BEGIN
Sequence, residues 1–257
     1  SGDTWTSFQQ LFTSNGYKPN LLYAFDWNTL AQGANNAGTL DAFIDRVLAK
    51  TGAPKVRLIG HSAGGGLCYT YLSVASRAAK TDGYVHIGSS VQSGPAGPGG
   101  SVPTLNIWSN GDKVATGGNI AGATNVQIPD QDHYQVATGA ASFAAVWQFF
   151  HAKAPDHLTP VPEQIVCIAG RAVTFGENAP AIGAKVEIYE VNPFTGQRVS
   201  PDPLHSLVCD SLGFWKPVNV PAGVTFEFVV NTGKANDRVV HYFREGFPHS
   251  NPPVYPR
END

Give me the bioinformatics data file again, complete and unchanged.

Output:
Sequence, residues 1–257
     1  SGDTWTSFQQ LFTSNGYKPN LLYAFDWNTL AQGANNAGTL DAFIDRVLAK
    51  TGAPKVRLIG HSAGGGLCYT YLSVASRAAK TDGYVHIGSS VQSGPAGPGG
   101  SVPTLNIWSN GDKVATGGNI AGATNVQIPD QDHYQVATGA ASFAAVWQFF
   151  HAKAPDHLTP VPEQIVCIAG RAVTFGENAP AIGAKVEIYE VNPFTGQRVS
   201  PDPLHSLVCD SLGFWKPVNV PAGVTFEFVV NTGKANDRVV HYFREGFPHS
   251  NPPVYPR